About


Public History students at Portland State University are actively involved in a variety of community-based projects. Public History PDX seeks to highlight their great work, from blogs, podcasts, and internships at local museums and other institutions, to course-based projects.

One of these projects is “This Week Back Then,” a series of podcasts broadcast during KBOO’s News Hour each Monday in 2017 with student-authored blogs posted Sundays weekly here. Students also have the opportunity to publish their portfolios on the site, showcasing the variety of work they’ve done as part of the Master’s program.


This Week Back Then” is a podcast and blog series born out of Professor Catherine McNeur’s HST411/511 Public History Lab: Podcasts and History course. Students did research, wrote scripts and blog posts, produced and edited podcasts, and collaborated with classmates to bring history to a broad audience. The class worked with producers at KBOO (90.7) to learn recording and editing skills. The students’ podcasts, posted here, will be broadcast during KBOO’s news hour each Monday starting in January 2017.

 


Beyond Footnotes
is a history-themed podcast on local KPSU, sponsored by Portland State University’s Department of History, and run by history graduate students, Lyndsay Smith, Evan Smiley and Jeffrey Stone. Beyond Footnotes features interviews with the talented faculty and students of PSU, providing a forum for local historians to share their work with each other and the community. Read some of the interviews here and listen on Soundcloud.

The show was co-created and formerly hosted by Ryan Wisnor and Joshua Justice of Dive Audio and originally launched on October 9, 2015.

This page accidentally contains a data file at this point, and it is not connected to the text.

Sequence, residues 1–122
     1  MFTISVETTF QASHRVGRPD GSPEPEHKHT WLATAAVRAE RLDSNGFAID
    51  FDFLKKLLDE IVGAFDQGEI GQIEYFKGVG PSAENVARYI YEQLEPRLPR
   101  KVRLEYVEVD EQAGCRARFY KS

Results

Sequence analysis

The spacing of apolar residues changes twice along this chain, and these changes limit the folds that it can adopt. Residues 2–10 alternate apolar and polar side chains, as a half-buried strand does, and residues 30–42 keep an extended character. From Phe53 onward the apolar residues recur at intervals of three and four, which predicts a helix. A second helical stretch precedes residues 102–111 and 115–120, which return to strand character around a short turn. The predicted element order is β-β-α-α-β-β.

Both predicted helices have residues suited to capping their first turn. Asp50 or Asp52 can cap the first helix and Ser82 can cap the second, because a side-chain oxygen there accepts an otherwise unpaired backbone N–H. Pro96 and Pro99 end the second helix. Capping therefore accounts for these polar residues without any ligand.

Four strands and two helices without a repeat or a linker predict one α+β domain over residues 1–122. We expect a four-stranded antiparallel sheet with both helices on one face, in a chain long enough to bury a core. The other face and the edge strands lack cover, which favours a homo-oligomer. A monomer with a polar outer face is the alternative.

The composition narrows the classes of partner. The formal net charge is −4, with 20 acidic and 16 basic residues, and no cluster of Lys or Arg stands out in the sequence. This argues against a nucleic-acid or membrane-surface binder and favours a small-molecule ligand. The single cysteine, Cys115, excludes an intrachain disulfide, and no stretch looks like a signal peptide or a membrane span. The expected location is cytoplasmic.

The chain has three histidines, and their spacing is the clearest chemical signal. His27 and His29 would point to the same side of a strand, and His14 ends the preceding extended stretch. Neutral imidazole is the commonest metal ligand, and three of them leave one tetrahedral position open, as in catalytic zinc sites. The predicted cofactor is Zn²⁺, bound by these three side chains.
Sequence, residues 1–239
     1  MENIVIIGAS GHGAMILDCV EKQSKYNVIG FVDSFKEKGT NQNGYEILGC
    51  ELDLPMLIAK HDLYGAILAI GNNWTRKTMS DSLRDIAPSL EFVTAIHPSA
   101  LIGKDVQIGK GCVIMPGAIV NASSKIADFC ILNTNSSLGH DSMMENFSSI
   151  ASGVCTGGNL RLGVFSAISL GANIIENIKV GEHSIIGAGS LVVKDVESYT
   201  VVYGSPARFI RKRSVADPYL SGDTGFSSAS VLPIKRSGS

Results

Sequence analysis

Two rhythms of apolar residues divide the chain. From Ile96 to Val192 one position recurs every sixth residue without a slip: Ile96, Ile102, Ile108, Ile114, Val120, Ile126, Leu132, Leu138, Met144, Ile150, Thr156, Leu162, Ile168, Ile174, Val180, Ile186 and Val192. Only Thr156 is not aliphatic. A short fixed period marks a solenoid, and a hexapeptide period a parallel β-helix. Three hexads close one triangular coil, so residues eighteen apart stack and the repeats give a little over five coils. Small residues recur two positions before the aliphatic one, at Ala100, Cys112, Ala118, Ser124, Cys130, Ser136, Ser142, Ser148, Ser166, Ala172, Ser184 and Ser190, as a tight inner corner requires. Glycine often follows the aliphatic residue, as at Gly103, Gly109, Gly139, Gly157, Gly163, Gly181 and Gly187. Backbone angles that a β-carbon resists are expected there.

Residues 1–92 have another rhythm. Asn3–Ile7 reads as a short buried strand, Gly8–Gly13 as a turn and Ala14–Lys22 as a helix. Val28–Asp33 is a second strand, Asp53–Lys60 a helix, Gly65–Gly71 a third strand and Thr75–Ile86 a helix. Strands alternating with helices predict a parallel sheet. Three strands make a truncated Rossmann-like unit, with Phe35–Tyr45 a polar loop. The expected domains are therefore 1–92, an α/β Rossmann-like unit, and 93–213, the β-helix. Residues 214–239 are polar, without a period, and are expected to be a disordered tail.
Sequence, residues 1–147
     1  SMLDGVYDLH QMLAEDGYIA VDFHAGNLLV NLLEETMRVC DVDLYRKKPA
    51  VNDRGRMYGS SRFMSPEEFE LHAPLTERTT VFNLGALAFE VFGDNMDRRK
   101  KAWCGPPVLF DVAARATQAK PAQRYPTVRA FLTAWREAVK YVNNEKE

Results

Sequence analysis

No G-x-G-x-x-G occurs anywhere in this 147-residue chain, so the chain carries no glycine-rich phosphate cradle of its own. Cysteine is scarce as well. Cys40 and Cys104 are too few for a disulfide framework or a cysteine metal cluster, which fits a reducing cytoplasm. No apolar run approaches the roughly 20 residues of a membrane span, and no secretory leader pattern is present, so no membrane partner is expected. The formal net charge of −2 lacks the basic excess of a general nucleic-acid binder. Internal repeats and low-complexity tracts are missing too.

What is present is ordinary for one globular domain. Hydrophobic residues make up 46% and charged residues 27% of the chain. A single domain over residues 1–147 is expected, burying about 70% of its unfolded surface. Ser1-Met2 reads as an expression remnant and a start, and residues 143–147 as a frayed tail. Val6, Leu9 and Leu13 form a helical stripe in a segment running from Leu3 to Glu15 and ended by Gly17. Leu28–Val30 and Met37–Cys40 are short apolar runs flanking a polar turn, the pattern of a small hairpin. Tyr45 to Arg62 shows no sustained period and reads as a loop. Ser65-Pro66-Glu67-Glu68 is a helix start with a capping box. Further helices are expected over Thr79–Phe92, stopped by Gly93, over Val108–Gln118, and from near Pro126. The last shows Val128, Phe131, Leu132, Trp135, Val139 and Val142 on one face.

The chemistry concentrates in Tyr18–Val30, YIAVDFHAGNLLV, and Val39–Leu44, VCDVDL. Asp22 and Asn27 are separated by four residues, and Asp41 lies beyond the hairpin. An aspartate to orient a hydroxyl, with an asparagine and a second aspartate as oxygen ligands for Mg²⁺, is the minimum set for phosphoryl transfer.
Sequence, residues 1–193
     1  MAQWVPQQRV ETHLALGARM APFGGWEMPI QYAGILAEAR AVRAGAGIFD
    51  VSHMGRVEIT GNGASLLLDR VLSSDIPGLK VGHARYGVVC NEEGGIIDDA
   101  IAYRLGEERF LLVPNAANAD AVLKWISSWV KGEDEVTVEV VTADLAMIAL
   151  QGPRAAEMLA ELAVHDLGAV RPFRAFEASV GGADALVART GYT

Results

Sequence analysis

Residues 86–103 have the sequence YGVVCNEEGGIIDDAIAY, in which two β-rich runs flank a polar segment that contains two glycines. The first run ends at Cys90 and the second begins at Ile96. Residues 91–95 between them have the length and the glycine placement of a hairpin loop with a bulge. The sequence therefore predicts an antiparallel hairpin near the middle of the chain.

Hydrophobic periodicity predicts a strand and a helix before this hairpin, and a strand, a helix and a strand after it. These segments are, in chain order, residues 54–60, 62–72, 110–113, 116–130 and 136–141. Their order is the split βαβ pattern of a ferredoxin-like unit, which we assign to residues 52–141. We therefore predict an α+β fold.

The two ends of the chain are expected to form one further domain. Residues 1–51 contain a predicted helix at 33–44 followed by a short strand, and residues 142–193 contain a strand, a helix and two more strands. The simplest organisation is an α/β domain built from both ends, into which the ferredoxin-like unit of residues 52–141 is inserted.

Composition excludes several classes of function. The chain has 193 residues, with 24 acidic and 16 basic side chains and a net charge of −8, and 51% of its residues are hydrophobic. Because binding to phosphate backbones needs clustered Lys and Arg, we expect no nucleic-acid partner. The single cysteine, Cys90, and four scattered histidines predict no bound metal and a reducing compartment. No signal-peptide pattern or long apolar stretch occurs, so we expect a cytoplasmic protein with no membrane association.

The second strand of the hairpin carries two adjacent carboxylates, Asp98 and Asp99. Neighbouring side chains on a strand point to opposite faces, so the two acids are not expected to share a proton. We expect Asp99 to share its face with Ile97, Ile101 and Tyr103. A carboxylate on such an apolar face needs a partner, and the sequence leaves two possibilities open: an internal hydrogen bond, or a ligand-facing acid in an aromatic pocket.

Lower Columbia River Chinookan Communities Project. Originally a legacy project created in part by The Center for Columbia River History (CCRH), the Lower Columbia River Chinookan Communities Project includes short narratives, images, primary documents, video and audio interviews, and recorded public talks. CCRH staff, Dr. Katrine Barber (Portland State University), Dr. Candice Goucher (WSU Vancouver), and Donna Sinclair (CCRH program manager for the Washington State Historical Society) worked with community and academic partners, and members of the Chinook Indian Nation to explore questions of historical interpretation. The collective work represents two day-long programs funded by Oregon Humanities, a day-long teacher workshop at the Cathlapotle Plankhouse, two Portland State University classes, a PSU Chinook oral history project, and the 2010 James B. Castles lecture. The materials here were made possible by a generous grant from The Friends of Ridgefield National Wildlife Refuge, a non-profit dedicated to promoting educational programs of the Ridgefield NWR, a unit of the U.S. Fish & Wildlife Service.